Christian creeds start with the word Credo (I believe), since the Latin verb credere is used for those propositions of which you are convinced. That is not the same as fidere, which is more a matter of attitude rather than belief. Fidere is about the way you relate to the world. Having faith in something is about trust, commitment and so on. That may involve believing (credere) things to be true, but that is a secondary matter.
The other Latin phrase used here is fides quaerens intellectum, generally translated as ‘faith seeking understanding’. And here again, a little background to the Latin words is important. The verb intelligere, from which we the noun intellectum comes, means to perceive or understand. It is not the same as ‘to think about’ (which would be cogitere, from which we get the English word cogitate). So this phrase might better be translated as ‘you need to be committed in order to understand.’ In other words, it is about getting inside the experience of what ‘God’ means for people, in order to understand and appreciate what God is about – it’s not simply a proposition that can be examined as though it were a scientific hypothesis, or a statement about things that exist in the world, which might be confirmed by evidence.
Sadly, this subtle and important approach to the philosophy of religion has often been neglected in favour of, on the one hand, an attempt to use rational arguments to ‘prove’ (or, sometimes, just to show the likelihood of) the existence of God, and on the other an approach that denigrates the intellect almost entirely – fideism.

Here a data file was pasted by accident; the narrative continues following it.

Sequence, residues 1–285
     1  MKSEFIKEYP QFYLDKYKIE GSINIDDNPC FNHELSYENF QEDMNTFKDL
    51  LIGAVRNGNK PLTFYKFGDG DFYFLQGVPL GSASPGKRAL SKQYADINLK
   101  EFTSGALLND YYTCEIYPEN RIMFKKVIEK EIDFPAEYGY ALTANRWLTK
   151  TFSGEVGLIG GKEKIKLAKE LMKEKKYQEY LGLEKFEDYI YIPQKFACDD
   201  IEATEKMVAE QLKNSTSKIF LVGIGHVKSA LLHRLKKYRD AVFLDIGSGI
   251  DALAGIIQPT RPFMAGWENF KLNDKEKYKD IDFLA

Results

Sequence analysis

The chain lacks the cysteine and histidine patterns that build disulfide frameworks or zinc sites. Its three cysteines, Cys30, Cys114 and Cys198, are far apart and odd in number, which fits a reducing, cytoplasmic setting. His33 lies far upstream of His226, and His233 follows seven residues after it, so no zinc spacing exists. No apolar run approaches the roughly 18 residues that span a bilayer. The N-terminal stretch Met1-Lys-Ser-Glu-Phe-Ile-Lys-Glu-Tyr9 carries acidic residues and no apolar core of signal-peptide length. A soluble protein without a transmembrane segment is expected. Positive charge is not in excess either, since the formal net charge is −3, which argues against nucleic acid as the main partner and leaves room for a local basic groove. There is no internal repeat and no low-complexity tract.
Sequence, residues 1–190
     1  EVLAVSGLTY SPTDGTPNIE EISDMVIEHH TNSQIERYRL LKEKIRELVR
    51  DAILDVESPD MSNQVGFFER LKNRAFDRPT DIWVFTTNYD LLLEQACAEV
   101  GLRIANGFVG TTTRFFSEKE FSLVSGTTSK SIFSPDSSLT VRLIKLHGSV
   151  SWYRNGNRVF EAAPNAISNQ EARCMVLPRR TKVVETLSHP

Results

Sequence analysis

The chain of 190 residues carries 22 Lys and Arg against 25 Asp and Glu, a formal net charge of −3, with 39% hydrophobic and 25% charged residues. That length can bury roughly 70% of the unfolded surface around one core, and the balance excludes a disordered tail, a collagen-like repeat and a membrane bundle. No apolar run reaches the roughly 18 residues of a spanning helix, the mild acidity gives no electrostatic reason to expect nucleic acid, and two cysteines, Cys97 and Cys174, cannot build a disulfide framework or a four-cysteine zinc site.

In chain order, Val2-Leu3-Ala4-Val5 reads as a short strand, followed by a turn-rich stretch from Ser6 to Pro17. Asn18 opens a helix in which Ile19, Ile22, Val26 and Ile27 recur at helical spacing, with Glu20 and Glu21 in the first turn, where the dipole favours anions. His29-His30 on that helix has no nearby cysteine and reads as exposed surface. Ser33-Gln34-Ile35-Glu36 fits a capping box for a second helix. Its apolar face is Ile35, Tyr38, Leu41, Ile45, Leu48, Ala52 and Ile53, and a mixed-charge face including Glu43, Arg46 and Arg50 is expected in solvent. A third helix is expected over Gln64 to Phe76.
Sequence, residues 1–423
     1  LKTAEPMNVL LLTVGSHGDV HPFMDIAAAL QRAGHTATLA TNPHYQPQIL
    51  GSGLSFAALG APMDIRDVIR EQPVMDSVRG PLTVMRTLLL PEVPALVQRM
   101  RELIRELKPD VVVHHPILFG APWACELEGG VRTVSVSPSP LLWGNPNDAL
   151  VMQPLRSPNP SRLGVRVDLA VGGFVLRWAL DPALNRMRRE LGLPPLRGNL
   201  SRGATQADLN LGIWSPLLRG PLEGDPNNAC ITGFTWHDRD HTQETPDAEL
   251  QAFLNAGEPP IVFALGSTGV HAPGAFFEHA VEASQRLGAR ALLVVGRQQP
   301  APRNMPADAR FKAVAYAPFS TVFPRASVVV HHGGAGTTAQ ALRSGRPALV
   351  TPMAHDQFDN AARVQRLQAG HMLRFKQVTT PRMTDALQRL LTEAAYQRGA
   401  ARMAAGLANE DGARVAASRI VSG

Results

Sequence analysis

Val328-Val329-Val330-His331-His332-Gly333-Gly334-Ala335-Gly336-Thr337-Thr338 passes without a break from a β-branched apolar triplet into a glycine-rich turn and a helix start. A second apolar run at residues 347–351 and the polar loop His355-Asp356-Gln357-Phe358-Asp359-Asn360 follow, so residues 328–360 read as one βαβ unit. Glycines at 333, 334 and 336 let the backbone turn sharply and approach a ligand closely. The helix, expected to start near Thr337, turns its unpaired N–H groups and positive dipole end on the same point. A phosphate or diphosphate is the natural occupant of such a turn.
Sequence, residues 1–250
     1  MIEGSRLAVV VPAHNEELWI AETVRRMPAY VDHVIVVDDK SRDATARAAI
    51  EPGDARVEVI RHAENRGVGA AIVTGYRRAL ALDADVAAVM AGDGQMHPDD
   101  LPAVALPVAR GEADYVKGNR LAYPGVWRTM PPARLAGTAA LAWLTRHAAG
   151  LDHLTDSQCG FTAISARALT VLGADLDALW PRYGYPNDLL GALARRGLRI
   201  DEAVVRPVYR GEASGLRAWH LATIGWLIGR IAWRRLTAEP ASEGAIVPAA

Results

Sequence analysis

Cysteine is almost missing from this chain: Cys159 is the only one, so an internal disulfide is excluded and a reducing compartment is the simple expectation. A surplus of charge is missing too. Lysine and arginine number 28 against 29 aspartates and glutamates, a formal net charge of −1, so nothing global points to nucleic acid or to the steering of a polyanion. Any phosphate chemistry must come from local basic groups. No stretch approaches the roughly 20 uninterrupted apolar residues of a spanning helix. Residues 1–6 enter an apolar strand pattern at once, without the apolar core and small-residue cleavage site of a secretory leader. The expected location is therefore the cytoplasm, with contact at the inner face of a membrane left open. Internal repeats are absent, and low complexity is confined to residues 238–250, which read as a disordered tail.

Fideism is the general term for any position which puts faith as primary. At the extreme, fideists may argue that faith is contrary to reason – believing what is absurd or illogical. Moderate fideists tend to argue that faith comes first and intellectual justification may follow.
Notice that an extreme fideist position is quite contrary to the situation outlined above. If it is accepted that something should be believed whether or not it is compatible with human reason, then it is very difficult to know how one might judge between conflicting beliefs. Even if each person proclaims their own faith to be the only true one, without reason there is no way of assessing such claims.
But contrast, the position found in Anselm’s work is the more moderate one; what is first encountered by faith may subsequently find intellectual support – and, more to the point, it actually seeks such support.
Keep the above distinctions in mind as you look at the notes on Anselm’s Ontological Argument. It is not a logical trick, nor an attempt to somehow define God in a way that makes his existence certain, but a serious attempt to get inside what it means to have faith, and how one can and should use intelligence to understand what that is about.